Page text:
By Niall Ferguson
Conventional wisdom has long claimed that economic change is the prime mover of political change, whether in the age of industry or the Internet. In our own time Paul Kennedy has claimed that economics provided the key to international power, while Francis Fukuyama and others have argued that capitalism doomed socialism and ensured the victory of democracy. Small wonder politicians are obsessed with the economy: the Clinton campaign motto -- "It's the economy stupid" -- sums up a central tenet of modern life.
But is it the economy? Ferguson thinks it is high time we re-examined the link -- the "nexus", to use Thomas Carlyle's term -- between economics and politics, in the aftermath not only of the failure of socialism but also of the apparent triumph of American-style capitalism. His central argument is that the conflicting impulses of sex, violence, and power are together more powerful than money. In particular, political events and institutions have often dominated economic development.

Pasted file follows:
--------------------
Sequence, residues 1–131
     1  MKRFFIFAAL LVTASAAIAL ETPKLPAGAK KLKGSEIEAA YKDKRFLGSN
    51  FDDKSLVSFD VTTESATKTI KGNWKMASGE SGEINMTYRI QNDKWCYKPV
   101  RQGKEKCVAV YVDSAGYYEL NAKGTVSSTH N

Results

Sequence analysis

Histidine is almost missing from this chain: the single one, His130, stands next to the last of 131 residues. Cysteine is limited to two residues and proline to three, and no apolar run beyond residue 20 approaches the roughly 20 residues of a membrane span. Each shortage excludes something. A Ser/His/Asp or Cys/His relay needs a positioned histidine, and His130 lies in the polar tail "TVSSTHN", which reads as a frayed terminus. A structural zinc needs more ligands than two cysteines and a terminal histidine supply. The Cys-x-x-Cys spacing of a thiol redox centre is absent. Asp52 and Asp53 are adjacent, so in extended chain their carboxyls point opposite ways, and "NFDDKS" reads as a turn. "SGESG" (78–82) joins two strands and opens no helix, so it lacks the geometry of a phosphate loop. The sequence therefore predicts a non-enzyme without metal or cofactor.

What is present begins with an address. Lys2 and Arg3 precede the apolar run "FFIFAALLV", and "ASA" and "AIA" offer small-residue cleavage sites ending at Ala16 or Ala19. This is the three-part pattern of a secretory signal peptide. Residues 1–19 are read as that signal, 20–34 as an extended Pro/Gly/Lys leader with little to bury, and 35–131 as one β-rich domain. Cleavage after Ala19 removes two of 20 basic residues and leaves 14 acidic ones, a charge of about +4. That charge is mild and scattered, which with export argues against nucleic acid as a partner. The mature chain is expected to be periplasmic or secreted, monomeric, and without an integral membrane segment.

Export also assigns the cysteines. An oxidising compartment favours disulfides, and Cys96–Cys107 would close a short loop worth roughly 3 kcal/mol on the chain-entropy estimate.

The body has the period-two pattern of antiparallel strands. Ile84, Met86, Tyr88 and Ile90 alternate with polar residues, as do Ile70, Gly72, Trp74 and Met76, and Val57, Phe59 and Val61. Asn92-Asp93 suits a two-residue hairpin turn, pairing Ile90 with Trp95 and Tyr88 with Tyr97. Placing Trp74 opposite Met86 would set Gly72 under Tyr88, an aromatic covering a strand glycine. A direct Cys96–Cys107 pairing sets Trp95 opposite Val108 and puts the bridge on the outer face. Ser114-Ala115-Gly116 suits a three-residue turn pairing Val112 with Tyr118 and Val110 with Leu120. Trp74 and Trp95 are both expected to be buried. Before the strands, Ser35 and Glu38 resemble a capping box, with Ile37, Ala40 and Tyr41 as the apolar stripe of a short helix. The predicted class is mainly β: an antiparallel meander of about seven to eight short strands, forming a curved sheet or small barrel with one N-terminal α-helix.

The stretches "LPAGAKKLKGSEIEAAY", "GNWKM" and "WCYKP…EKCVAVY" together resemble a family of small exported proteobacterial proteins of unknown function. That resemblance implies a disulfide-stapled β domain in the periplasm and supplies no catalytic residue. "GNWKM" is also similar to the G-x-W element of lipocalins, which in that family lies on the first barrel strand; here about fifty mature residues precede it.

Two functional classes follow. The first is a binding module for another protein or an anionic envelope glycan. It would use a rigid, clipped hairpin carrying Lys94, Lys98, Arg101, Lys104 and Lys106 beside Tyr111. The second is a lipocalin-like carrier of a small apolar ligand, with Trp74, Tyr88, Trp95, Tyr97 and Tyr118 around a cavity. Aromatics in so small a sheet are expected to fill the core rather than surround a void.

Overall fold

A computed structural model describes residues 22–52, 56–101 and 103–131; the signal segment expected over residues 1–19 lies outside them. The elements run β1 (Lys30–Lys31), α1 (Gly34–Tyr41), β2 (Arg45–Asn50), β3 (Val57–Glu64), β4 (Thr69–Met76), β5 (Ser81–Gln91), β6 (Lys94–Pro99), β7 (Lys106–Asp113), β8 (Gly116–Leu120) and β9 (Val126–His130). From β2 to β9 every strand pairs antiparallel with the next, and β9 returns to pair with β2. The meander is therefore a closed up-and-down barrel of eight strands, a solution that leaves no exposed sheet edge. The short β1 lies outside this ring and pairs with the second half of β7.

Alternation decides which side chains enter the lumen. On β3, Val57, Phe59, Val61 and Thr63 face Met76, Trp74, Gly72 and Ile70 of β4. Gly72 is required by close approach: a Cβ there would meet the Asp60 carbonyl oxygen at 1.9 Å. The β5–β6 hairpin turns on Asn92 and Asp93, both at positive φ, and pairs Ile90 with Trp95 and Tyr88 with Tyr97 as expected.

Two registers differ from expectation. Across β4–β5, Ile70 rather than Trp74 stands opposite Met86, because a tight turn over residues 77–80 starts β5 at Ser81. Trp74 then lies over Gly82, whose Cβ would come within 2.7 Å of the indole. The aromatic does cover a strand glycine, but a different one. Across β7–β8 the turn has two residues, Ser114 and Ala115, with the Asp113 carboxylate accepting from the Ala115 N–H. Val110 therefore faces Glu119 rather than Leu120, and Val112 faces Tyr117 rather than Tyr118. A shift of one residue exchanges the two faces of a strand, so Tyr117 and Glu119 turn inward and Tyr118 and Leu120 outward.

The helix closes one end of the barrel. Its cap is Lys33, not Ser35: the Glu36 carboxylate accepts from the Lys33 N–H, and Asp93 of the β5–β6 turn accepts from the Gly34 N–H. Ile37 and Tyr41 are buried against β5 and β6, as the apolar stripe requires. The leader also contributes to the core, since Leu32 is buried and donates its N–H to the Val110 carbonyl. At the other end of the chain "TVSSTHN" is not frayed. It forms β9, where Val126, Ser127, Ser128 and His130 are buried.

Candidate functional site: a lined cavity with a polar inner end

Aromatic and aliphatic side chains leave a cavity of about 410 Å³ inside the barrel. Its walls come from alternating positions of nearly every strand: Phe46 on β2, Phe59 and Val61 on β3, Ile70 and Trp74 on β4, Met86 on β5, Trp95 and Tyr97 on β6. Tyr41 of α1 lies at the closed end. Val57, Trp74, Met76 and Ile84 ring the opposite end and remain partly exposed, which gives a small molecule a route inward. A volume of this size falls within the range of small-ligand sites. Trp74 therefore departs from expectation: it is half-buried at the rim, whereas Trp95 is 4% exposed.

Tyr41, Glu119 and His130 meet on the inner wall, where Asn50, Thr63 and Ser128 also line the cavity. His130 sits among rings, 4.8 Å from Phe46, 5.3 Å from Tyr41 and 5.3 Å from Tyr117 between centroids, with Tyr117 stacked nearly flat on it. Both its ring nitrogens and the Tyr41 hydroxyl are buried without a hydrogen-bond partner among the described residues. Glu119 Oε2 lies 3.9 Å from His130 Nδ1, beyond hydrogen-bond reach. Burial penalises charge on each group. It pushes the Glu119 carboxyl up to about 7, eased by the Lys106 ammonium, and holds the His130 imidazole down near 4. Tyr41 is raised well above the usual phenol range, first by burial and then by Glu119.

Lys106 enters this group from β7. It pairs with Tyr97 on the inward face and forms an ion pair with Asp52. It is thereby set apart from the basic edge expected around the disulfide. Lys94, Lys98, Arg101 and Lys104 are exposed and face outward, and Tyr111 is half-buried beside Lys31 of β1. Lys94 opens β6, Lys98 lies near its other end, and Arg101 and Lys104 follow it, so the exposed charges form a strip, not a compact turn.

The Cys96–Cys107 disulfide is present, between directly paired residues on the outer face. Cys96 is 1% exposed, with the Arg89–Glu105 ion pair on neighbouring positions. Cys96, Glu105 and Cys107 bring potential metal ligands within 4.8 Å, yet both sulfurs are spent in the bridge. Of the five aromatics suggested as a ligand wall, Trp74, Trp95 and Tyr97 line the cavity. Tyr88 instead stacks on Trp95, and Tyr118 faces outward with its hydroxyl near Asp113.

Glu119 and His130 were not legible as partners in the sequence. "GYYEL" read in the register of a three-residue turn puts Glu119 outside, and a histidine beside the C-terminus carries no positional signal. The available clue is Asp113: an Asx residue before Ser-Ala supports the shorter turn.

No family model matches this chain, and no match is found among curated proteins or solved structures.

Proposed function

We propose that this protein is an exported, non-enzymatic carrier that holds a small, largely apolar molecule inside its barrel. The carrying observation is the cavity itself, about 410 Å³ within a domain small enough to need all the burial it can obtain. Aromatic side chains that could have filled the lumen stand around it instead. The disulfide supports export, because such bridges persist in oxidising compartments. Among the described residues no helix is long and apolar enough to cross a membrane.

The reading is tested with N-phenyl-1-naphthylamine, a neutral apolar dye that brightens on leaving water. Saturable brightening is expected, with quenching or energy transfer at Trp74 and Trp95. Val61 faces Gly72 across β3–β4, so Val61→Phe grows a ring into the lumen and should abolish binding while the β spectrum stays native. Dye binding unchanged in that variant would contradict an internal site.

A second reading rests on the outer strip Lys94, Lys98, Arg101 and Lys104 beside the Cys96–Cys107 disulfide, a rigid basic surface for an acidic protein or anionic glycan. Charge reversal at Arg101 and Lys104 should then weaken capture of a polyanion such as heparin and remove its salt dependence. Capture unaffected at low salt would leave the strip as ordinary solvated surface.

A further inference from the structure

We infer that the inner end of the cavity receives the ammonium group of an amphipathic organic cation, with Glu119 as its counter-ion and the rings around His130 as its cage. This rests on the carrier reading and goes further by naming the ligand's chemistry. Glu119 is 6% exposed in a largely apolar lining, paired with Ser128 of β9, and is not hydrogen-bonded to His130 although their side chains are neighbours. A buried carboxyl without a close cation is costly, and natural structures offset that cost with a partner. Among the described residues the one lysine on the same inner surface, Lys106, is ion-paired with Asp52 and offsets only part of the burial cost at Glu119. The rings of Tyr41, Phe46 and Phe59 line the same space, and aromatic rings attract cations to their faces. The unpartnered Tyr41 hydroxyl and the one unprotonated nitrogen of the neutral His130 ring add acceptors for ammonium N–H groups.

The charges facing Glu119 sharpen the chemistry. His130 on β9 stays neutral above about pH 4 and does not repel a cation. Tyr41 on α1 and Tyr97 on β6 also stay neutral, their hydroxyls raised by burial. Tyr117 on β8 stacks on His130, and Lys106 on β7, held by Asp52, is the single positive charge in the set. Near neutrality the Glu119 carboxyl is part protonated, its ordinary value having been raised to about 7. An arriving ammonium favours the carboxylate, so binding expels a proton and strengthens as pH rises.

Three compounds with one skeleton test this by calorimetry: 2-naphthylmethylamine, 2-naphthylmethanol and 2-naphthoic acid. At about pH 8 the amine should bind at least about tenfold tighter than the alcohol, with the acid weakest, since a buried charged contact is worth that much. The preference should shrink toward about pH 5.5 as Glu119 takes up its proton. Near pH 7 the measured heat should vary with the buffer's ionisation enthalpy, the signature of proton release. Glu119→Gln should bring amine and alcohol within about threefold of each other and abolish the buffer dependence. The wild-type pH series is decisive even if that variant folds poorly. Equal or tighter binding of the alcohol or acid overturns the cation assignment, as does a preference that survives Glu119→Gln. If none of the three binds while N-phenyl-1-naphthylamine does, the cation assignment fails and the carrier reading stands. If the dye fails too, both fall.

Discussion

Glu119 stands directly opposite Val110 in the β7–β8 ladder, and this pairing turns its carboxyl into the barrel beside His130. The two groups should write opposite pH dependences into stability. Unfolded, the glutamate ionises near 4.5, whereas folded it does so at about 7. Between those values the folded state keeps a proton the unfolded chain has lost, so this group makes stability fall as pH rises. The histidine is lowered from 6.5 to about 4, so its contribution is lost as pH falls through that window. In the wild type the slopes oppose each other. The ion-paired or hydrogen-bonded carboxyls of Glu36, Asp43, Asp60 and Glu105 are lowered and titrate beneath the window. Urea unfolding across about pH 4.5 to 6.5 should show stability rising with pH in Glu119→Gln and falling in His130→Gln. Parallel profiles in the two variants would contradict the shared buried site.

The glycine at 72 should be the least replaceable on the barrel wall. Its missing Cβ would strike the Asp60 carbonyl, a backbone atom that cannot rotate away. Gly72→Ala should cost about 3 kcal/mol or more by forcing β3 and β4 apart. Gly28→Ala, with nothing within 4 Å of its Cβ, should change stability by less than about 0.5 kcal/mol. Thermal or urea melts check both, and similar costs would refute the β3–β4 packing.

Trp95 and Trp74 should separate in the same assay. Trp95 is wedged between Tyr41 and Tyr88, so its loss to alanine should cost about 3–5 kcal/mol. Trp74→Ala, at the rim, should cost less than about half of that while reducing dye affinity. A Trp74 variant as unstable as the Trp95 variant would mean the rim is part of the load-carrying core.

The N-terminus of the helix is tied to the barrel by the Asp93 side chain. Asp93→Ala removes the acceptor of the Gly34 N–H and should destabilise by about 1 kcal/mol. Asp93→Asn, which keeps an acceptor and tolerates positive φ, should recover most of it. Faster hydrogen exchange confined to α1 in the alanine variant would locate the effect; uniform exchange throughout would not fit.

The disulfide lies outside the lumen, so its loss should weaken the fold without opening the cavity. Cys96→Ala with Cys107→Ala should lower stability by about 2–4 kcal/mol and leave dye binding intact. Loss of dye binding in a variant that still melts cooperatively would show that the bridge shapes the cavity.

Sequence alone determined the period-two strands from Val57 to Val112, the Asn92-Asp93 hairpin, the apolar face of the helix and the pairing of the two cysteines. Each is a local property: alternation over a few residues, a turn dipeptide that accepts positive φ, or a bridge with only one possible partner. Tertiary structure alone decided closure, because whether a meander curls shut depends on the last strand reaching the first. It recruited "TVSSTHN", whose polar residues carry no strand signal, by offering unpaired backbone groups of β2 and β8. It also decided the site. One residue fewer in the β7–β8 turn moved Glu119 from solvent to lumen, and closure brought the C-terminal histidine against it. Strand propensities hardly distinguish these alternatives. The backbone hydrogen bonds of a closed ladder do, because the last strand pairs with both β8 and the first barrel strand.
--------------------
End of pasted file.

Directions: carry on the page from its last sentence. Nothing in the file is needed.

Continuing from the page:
A bold synthesis of political history and modern economic theory, Cash Nexus will transform the landscape of modern history and draw challenging and unsettling conclusions about the prospects of both capitalism and democracy.